Forney’s team manages intellectual property and inventions at Iowa State. For fiscal year 2022, Iowa State filed 95 new patent applications, with 37 U.S. patents and 69 worldwide patents issued. To best support faculty through this process, Forney says it is vital for the team to understand the technologies brought to them for a potential patent.
“We all come from STEM fields and often have industry experience in product development,” Forney said. “Having that experience gives us an understanding of what’s required to take an early stage technology and get it to the point of being commercialized, and that understanding is an extremely valuable asset.”
Patience also is an asset. Forney says it often takes several months or years to advance a technology from concept to market, depending on its readiness level. A technology generally needs to be at level four or five (on a scale of one to nine) for a commercial entity to express interest.
Is it viable? What about a startup?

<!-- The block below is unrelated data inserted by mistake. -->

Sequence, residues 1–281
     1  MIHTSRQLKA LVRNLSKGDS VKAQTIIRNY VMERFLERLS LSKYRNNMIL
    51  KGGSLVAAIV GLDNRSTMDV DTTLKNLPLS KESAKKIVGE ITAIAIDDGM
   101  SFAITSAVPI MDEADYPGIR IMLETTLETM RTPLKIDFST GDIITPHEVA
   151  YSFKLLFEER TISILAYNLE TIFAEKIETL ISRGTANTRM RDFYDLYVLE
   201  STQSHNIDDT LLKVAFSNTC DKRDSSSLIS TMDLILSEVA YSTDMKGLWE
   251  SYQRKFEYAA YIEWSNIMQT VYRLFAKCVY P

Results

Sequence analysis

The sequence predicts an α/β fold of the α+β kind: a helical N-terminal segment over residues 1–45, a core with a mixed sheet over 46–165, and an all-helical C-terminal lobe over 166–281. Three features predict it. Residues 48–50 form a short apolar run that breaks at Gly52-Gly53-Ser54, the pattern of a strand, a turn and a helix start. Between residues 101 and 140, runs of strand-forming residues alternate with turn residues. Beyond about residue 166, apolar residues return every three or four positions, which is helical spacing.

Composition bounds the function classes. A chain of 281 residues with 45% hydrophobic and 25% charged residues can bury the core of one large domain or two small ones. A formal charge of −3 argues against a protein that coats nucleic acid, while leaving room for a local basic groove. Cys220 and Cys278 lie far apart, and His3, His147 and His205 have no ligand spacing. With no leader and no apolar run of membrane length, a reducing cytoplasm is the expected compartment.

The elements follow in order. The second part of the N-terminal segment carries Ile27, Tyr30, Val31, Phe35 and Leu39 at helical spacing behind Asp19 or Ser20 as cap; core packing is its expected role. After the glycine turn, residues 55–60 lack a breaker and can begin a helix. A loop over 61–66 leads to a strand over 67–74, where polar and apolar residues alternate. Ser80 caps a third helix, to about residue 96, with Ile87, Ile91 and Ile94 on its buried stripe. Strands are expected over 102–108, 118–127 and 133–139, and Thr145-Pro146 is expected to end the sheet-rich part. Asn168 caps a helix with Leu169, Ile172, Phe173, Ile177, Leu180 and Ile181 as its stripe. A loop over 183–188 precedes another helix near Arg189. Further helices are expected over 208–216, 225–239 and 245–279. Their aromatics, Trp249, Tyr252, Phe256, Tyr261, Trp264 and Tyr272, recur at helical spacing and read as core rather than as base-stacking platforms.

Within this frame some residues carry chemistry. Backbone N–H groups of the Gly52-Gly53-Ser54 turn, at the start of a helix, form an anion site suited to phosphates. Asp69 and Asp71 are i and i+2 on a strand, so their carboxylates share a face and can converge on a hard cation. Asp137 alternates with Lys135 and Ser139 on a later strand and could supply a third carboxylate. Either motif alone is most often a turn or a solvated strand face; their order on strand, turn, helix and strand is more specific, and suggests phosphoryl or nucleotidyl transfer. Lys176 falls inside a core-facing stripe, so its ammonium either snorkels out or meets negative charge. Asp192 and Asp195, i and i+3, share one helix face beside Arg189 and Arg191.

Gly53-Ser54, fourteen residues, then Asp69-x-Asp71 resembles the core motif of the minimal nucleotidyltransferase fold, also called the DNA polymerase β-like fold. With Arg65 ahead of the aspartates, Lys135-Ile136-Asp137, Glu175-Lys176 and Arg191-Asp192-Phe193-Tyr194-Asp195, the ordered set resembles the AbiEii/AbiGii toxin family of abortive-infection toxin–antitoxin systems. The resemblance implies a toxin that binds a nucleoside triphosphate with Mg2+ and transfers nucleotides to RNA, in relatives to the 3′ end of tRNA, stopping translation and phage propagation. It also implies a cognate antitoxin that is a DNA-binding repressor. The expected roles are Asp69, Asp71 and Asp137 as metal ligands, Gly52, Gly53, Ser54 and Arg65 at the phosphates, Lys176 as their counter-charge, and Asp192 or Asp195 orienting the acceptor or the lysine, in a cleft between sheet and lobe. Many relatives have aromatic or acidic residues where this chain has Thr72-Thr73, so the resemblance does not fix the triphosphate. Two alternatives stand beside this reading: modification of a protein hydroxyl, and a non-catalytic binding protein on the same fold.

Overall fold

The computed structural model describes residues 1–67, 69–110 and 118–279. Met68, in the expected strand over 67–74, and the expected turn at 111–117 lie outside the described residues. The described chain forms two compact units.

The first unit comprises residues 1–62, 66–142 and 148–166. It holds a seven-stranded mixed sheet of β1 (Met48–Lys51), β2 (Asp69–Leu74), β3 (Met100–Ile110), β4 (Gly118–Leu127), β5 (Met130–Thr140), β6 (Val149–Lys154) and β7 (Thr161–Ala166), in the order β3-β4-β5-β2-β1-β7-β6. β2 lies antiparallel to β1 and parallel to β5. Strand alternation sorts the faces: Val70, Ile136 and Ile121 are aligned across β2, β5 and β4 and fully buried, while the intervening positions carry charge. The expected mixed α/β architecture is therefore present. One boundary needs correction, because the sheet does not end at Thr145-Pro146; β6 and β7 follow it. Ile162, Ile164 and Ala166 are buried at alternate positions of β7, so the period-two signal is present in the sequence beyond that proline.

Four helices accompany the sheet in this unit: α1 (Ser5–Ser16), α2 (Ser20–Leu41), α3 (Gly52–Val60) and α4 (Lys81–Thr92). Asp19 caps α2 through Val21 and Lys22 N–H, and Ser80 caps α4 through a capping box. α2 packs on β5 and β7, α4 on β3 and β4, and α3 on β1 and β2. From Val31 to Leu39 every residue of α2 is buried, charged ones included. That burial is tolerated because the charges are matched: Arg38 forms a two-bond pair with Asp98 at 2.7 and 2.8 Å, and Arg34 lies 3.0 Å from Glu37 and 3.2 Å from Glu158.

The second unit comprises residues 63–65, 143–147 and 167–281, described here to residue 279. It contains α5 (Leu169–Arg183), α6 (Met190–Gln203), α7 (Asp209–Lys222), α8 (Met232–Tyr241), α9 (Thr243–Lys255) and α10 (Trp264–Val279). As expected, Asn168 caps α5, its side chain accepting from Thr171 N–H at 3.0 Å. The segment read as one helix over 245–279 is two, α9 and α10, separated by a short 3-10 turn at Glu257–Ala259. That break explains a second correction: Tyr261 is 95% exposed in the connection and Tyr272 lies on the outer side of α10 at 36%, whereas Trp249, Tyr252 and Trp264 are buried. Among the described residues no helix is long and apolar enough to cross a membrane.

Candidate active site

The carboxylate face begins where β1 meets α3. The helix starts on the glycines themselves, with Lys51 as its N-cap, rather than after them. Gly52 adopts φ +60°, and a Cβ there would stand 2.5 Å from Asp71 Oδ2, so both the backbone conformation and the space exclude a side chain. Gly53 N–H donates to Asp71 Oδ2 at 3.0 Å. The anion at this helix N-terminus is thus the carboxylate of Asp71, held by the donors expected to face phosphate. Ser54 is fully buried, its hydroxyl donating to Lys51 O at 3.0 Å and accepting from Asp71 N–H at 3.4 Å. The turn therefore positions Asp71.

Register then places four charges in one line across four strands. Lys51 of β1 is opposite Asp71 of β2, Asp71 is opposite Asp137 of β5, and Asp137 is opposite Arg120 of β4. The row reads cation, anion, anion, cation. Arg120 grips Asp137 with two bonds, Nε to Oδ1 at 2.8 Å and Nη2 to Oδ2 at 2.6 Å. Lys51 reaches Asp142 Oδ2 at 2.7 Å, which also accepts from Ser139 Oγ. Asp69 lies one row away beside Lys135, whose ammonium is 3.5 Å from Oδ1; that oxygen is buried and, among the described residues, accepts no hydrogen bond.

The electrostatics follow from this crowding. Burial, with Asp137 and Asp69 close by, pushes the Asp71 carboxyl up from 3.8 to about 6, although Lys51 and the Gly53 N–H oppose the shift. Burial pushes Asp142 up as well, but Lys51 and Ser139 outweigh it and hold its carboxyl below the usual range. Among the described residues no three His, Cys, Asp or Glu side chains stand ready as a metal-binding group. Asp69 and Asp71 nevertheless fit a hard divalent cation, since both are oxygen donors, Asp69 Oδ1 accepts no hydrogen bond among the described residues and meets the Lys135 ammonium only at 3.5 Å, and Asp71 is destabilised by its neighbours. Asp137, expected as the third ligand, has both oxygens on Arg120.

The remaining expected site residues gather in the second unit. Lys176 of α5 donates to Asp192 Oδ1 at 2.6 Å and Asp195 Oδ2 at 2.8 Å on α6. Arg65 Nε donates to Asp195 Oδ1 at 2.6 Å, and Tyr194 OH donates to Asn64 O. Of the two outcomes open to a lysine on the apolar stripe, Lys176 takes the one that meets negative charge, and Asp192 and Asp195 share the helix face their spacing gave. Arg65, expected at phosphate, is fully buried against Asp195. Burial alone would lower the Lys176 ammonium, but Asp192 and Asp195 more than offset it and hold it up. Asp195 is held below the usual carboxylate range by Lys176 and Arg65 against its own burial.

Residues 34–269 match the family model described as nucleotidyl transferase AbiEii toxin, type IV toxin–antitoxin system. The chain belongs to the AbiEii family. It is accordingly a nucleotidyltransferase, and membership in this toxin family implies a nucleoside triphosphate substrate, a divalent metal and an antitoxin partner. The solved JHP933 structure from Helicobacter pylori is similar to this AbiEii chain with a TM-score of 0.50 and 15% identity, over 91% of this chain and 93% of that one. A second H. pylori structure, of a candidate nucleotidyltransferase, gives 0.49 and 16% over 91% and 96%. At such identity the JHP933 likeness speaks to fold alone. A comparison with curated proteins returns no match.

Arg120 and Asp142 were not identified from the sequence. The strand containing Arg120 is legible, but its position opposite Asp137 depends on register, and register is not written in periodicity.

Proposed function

Most technologies come to the Office of Innovation Commercialization at a level one or two and require additional investment to address known limitations or demonstrate scalability. As part of the ecosystem to support innovation and entrepreneurship, Iowa State has a variety of programs and funding opportunities to help researchers advance their technology to the next level, whether that be the licensing and patent process or launching a startup.
The ISU Startup Factory is one example. The semester-long incubator program is designed to help faculty entrepreneurs apply their research, solve problems and move from “tech-speak” to “business-speak.” The program helped set Shan Jiang, associate professor of materials science and engineering, on a path to commercialize his technology to produce more environmentally-friendly wood stains (read the story).